Venezuela′s Capriles rejects ′national dialogue′ with Maduro | News | DW | 25.02.2014

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Venezuela's Capriles rejects 'national dialogue' with Maduro

Venezuelan opposition leader Henrique Capriles will not take part in a conference to resolve recent political unrest. Capriles said he would not join in while fellow opposition chief Leonardo Lopez remained in jail.

Capriles told reporters on Monday that going to the meeting at the presidential palace, Miraflores, would appear to be an endorsement of a government that he claimed was involved in repression.

The fomer presidential candidate said he would maintain the boycott as long as fellow leading opposition figure Leonardo Lopez remained in jail along with a number of student activists.

"I am not going to make Nicolas Maduro look good. That is what they want, that I go there as if the country was absolutely normal," said Capriles.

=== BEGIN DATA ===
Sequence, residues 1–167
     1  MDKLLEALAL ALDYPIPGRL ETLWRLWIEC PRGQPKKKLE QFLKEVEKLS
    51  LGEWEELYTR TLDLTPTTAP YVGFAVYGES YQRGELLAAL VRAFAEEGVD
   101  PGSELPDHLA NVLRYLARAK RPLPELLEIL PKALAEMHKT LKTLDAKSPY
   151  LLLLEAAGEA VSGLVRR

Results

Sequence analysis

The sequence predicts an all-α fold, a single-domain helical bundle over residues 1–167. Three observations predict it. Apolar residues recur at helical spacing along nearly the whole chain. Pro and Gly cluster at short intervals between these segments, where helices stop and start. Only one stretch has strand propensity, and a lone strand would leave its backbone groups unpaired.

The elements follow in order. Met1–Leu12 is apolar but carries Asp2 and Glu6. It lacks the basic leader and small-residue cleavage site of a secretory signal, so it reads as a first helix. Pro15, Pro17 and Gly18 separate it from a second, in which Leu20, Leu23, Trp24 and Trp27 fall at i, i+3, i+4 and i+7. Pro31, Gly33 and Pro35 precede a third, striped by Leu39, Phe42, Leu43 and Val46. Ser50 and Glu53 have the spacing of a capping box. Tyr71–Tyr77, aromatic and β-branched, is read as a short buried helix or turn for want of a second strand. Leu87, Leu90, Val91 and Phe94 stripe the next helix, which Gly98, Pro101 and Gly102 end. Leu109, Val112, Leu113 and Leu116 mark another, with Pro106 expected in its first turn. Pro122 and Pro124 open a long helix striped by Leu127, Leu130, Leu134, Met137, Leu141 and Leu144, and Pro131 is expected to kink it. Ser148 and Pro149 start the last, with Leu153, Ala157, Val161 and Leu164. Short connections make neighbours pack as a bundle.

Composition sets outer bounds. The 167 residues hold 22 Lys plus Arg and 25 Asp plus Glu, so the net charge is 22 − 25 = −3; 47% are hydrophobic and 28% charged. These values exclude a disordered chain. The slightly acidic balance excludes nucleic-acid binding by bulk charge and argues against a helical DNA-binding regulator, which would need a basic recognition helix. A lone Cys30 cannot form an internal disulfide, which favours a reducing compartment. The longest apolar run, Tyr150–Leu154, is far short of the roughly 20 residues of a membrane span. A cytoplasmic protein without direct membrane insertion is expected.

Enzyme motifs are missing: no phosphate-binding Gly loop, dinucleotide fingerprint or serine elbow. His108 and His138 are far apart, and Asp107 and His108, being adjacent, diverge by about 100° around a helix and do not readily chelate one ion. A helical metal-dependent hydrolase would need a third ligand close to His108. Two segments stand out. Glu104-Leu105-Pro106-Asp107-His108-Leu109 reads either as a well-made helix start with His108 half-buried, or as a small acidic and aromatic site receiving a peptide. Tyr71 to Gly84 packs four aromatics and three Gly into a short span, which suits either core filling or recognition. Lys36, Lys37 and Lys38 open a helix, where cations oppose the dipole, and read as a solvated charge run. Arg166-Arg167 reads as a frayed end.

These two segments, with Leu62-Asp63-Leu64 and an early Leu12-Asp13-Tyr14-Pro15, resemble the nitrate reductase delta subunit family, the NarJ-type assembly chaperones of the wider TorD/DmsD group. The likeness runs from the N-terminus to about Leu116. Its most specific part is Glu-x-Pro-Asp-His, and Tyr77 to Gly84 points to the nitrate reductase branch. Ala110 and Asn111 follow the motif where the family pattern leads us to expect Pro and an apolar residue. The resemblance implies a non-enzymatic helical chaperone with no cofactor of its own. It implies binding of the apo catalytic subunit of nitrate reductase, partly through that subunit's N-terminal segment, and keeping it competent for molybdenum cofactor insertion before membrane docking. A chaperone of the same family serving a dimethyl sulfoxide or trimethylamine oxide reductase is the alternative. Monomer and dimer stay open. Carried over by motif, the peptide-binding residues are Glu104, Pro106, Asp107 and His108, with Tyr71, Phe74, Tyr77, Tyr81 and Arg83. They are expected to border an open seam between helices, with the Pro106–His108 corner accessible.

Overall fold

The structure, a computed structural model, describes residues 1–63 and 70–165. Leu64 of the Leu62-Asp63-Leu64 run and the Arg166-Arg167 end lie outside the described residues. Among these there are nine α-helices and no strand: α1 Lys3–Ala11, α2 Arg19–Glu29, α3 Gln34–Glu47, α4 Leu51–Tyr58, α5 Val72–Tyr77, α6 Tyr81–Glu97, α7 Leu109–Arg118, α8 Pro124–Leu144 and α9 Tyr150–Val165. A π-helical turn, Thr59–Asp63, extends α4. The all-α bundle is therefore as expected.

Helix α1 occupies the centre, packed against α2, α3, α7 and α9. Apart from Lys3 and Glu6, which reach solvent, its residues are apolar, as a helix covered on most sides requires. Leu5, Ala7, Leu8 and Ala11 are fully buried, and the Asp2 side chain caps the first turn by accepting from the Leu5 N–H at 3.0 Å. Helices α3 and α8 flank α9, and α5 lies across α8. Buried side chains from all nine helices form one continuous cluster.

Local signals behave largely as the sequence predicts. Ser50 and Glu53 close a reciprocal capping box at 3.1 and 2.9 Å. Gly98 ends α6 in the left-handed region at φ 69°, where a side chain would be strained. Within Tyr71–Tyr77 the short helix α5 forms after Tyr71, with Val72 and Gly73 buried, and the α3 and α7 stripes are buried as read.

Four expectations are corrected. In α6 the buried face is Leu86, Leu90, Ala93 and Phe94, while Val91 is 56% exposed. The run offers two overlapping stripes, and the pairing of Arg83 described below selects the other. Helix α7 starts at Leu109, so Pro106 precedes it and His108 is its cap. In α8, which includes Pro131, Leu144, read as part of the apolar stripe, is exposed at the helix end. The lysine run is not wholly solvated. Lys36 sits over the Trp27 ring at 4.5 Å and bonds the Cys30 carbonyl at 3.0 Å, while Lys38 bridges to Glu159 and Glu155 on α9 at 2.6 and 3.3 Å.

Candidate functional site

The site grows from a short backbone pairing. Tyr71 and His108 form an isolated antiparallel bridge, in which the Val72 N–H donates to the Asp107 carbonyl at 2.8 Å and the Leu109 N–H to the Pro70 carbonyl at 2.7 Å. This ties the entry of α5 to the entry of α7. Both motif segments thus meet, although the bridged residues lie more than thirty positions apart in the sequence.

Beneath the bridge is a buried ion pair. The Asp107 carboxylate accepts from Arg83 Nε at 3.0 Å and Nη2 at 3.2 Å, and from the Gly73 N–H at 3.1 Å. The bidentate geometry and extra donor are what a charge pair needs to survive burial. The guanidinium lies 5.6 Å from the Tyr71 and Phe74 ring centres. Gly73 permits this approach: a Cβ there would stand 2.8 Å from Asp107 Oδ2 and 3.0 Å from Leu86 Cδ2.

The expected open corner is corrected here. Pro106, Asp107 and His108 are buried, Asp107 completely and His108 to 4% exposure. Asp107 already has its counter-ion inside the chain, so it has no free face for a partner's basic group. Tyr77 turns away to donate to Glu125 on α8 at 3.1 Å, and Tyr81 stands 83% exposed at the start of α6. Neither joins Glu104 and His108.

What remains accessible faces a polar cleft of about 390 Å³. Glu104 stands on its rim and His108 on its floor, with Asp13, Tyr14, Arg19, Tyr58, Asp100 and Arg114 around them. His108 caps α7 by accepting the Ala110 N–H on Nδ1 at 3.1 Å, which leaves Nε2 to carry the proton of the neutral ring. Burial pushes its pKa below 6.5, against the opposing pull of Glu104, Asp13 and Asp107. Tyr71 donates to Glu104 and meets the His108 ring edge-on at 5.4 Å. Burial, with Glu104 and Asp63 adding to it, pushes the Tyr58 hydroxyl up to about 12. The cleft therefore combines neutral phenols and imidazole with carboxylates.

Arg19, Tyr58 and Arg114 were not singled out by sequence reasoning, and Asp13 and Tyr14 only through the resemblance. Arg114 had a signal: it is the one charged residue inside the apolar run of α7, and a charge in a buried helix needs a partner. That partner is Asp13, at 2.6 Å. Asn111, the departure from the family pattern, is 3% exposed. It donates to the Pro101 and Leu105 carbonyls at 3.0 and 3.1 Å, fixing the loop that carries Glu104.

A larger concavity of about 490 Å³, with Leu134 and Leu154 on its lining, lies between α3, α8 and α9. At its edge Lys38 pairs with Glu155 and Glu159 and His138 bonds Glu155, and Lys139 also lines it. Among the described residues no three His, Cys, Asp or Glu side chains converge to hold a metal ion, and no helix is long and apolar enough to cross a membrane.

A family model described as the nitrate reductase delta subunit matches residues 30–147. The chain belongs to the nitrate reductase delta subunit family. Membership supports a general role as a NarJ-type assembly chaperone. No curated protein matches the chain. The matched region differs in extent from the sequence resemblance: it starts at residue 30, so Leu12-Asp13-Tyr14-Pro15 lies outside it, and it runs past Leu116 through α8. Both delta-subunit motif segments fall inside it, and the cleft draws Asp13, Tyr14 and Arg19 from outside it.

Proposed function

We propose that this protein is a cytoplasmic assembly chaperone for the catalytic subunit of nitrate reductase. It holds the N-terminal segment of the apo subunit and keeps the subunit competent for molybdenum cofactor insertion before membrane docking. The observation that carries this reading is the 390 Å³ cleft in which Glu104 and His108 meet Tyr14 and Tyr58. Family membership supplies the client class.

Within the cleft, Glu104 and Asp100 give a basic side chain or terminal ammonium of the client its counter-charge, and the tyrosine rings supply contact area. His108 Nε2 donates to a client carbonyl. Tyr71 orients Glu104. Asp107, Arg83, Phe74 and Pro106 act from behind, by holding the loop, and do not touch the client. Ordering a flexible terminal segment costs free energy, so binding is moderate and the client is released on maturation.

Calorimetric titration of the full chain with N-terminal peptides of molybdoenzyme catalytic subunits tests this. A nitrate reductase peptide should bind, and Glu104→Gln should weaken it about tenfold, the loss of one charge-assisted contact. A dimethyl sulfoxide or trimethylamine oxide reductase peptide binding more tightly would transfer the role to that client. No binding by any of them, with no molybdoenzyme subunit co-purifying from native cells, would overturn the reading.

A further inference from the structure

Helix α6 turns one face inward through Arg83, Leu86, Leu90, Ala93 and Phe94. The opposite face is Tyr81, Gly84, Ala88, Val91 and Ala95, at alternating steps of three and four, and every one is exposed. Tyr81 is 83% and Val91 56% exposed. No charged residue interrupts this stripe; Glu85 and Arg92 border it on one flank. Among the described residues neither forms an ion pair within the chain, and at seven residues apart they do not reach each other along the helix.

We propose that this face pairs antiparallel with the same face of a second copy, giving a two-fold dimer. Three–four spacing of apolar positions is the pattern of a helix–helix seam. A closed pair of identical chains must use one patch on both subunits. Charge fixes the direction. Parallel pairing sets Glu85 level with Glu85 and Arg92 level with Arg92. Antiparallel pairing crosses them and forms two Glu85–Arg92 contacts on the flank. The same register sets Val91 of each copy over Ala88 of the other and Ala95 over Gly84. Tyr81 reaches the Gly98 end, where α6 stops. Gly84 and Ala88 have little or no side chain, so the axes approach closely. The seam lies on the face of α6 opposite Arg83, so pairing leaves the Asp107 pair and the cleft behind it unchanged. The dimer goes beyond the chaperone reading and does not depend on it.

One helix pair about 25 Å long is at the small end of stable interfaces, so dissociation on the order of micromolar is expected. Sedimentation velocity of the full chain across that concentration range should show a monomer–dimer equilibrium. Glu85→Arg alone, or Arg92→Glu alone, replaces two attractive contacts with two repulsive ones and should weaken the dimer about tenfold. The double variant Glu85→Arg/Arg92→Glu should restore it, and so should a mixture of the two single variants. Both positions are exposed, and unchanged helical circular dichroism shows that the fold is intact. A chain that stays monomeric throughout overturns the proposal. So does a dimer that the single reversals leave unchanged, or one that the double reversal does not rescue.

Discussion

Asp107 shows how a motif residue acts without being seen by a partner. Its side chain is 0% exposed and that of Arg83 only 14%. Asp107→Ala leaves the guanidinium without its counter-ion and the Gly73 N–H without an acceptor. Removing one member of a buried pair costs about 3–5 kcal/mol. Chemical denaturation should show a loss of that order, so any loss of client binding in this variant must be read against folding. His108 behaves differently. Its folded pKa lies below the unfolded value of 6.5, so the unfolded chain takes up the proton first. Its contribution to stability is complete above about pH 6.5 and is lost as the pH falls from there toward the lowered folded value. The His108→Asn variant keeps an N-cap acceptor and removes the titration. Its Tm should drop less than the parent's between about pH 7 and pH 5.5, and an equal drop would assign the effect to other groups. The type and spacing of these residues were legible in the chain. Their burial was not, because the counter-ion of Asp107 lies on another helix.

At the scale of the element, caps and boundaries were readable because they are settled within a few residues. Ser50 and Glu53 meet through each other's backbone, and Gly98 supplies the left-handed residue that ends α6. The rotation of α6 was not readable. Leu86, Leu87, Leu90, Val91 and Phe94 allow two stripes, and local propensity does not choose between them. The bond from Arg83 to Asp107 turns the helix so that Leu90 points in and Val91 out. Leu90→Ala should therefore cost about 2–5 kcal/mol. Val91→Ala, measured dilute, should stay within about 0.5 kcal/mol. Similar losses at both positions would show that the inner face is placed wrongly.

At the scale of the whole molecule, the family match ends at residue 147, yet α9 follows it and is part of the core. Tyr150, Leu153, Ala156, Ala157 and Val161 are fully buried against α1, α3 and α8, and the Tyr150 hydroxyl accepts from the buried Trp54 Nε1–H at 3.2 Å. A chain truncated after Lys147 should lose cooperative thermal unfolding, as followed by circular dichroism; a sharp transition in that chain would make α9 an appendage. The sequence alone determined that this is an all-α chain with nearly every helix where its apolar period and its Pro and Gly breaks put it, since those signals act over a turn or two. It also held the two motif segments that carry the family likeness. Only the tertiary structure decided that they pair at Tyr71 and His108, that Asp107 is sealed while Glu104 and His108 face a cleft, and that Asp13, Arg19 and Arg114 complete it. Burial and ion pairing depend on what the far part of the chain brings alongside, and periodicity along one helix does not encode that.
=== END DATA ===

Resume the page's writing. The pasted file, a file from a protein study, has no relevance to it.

"This is a dying government," he added. "I'm not going to be like the orchestra on the Titanic. Miraflores is not the place to talk about peace - it's the center of operations for abuses of human rights."

Lopez, who is the former mayor of a district in the capital, Caracas, has been in a military jail outside the capital, Caracas, since his arrest last week. He faces charges of inciting violence, property damage and criminal violence.

Protests rumble on

Capriles, who is governor of the affluent Miranda state, was invited to meet Maduro along with mayors and governors from across the country as the goverment seeks to put a lid on the unrest.

At the meeting, which was attended by just one of the country's three opposition governors, Vice President Jorge Arreaza said Maduro wanted to preside over the session to discuss his peace plan. "We know that those of us who are here have the shared interest to build a peaceful society," said Arreaza. .

Anti-government demonstrators on Monday erected barricades and set fire to trash, despite pleas by opposition leaders to rein in their protests.

Opponents of Maduro's administration claim it is responsible for the country's high crime rate and spiraling inflation. They have been staging the latest protests since February 12.

rc/jm (AP, AFP, Reuters)